How can we determine the numerical dispersion relation of a Spectral Element Method which leads to coupled systems of algebraic equations?

What approaches to do analysis of dispersion relations is available?


The key steps are to consider the advection equation $u_t + au_x = 0$ where $a=\omega/k$ is the advection speed. Exact solutions to this equation is of the form $u(x,t) = f(x-at)$, where $f(y)$ is an arbitrary function.

For example, discretize using a standard Galerkin method we derive the weak form $\int_\Omega v u_t dx + \int_\Omega a u_x = 0$

Assuming that the SEM solution is of the form $u(x,t) = \sum_j u_j N_j(x)$

and selecting the test functions $v=N_i(x)$, we can derive the algebraic system of equations $M \frac{d}{dt} {\bf u} + a S {\bf u} = 0$

where $M_{ij} = \int_\Omega N_i N_j dx, \quad S_{ij} = \Omega N_i N_j' dx$

Assuming the solution ansatz $u(x,t) = A \exp( i (k x - \omega t) )$ we can insert this in the solution vector to derive a generalised eigenvalue problem of the form $-i \omega M {\bf u} + a S {\bf u} = 0$

We can introduce a dimensionless variable $-i \Omega M {\bf u} + S {\bf u} = 0$

where $\Omega = \frac{\omega h}{a}$, $h$ is the element size and $a$ is the advection speed.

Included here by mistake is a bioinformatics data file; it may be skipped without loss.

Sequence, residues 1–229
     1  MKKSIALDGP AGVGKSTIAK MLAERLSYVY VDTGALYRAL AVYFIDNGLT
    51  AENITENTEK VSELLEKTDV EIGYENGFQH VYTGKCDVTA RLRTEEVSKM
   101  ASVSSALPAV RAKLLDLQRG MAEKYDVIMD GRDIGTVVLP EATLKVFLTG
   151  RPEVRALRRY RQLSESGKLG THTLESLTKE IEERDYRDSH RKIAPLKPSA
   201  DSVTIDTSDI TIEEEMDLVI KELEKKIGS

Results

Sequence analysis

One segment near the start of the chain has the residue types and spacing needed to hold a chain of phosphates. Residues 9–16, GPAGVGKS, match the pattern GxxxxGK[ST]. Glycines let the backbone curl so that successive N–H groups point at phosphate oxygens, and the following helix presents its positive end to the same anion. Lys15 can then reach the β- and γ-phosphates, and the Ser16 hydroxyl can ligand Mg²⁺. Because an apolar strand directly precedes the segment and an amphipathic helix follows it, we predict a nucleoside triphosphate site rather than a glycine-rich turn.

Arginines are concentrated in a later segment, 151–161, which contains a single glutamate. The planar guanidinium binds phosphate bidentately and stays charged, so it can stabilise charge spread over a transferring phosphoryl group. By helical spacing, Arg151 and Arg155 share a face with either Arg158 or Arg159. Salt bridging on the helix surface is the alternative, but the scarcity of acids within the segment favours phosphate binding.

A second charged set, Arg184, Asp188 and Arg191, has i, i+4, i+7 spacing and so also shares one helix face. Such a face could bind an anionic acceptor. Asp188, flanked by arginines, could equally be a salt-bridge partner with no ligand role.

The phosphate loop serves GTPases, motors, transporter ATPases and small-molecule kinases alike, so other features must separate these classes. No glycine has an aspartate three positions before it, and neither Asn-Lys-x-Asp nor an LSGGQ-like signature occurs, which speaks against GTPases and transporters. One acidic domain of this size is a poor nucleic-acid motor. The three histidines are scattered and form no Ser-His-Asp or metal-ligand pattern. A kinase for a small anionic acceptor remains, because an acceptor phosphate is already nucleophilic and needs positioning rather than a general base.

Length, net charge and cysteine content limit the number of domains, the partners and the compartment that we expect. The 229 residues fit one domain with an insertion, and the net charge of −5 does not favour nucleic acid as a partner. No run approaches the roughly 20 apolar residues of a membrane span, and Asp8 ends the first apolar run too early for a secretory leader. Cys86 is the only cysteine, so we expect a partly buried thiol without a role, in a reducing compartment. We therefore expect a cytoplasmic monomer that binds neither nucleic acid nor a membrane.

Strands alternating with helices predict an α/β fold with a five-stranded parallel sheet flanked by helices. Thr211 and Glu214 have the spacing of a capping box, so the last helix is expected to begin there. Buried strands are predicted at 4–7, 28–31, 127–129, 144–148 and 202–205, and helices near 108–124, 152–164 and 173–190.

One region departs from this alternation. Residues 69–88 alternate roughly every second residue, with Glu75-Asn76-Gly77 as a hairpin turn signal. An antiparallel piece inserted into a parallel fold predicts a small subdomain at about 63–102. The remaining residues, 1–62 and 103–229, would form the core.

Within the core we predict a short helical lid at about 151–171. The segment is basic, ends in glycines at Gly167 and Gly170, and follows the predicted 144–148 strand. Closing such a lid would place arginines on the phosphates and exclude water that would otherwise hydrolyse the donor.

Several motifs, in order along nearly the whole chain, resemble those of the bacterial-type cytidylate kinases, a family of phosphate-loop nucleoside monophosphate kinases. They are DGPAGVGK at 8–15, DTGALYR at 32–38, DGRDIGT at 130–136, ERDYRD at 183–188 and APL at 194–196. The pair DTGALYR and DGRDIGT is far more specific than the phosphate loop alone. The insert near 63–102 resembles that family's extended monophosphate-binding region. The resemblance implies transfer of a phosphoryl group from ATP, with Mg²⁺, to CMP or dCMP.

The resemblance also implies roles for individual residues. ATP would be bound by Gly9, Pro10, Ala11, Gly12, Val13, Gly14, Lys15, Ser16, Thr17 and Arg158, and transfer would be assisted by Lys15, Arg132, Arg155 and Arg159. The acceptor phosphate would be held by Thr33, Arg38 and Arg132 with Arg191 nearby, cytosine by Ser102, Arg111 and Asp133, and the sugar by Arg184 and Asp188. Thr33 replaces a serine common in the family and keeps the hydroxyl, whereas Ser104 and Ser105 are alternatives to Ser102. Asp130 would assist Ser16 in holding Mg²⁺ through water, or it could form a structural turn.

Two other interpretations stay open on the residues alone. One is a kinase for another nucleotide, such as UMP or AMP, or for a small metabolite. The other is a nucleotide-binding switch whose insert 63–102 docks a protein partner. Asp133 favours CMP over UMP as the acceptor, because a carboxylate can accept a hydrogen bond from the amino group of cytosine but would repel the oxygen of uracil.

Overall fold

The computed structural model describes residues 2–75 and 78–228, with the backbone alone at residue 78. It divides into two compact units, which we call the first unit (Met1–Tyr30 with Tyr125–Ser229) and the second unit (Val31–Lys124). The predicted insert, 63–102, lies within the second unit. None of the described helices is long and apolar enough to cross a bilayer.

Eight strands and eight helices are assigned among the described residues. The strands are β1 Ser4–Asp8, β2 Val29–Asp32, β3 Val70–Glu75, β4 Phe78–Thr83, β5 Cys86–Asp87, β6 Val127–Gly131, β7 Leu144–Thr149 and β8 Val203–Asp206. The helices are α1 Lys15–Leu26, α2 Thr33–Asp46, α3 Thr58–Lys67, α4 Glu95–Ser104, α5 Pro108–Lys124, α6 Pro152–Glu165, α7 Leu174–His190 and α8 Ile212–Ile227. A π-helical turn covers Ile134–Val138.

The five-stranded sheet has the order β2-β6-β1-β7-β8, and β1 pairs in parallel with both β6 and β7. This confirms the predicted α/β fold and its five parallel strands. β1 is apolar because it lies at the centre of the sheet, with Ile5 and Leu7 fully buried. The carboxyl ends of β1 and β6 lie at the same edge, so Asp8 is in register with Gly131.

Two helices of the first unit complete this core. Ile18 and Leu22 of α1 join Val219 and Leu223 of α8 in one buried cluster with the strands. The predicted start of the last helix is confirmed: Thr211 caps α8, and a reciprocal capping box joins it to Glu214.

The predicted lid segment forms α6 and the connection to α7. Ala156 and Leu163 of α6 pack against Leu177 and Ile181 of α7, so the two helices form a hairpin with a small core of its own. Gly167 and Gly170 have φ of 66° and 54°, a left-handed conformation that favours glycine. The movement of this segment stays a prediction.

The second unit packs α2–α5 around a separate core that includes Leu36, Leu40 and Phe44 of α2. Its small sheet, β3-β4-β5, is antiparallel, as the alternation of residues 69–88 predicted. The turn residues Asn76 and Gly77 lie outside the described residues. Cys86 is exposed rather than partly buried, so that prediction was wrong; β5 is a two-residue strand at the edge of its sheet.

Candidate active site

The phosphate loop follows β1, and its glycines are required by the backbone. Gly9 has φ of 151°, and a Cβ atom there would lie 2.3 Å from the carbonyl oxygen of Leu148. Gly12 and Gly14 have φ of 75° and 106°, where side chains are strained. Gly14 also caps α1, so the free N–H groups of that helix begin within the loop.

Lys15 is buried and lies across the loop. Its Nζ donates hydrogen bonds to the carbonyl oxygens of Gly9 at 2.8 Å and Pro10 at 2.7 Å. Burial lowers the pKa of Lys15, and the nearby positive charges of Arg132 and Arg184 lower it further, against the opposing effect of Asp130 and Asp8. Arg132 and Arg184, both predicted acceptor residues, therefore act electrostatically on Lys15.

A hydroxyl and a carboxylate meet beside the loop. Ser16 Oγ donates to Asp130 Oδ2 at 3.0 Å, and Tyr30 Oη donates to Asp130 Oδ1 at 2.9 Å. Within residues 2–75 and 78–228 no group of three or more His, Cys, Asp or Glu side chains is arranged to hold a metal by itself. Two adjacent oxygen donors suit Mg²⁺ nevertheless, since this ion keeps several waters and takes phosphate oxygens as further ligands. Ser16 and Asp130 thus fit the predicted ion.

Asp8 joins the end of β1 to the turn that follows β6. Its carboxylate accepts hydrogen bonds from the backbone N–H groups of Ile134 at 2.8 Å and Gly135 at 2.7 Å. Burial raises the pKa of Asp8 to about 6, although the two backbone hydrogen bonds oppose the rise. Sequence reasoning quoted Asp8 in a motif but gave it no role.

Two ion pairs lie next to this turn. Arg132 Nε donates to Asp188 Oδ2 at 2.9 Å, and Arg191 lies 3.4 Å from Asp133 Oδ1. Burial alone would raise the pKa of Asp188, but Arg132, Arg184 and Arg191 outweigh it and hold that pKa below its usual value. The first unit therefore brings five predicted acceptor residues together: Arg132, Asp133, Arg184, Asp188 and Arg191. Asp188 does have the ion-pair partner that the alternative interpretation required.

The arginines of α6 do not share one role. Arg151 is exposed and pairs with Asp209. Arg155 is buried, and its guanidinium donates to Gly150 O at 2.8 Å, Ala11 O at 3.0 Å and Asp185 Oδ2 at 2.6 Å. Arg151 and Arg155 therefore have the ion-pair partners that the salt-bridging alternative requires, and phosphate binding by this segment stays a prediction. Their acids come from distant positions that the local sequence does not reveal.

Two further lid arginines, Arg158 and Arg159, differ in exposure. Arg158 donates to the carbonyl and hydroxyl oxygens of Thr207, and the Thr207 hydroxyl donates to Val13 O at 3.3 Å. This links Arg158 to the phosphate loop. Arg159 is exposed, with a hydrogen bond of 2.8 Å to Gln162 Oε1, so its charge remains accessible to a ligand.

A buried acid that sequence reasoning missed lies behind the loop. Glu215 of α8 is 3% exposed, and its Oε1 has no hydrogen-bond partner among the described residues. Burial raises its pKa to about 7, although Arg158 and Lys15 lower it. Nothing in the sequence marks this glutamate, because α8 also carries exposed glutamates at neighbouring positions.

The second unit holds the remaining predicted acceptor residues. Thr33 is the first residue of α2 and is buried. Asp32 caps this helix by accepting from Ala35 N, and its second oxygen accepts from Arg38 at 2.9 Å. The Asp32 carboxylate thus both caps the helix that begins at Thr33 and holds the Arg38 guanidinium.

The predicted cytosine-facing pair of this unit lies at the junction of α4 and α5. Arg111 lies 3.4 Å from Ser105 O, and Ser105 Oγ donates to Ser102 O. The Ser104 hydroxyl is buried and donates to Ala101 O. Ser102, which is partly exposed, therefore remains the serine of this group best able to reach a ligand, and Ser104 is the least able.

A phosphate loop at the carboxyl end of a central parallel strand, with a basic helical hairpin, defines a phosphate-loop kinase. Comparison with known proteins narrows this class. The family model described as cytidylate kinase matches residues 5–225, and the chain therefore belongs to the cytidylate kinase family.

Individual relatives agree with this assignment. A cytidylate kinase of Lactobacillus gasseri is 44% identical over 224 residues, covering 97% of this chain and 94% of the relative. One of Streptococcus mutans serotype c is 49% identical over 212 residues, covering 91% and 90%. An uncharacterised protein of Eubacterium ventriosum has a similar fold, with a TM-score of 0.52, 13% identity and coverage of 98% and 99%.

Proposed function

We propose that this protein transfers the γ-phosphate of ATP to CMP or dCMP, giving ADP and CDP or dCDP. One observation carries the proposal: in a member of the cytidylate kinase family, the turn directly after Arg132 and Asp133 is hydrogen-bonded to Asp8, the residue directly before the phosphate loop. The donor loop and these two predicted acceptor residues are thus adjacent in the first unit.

By solving for the eigenpairs $(v,\lambda)$ of the generalised eigenvalue problem $Av=Bv\lambda$, we can obtain estimates of the angular frequency $\omega$ which can be used to characterise the numerical dispersion. The $\lambda\approx \Omega$.

In Matlab this can be implemented as

B = 1i*M; A = S; [V,D] = eig(A,B);

where D contains the eigenvalues of the system and V the eigenvectors. The numerical value contained in D that matches the analytical the closest is assumed to be the approximation to the physical eigenmode.

Also, it is noted that Both M and S is constructed to be periodic.

  • $\begingroup$ In your second equation, what is "c"? You seem to be switching between "S" and "A" (which is also used in your Ansatz); is there a difference? $\endgroup$ – Max Hutchinson Feb 6 '15 at 16:02
  • $\begingroup$ Made some minor corrections, to fix the small errors in notation. Than you. $\endgroup$ – Allan P. Engsig-Karup Feb 7 '15 at 20:33

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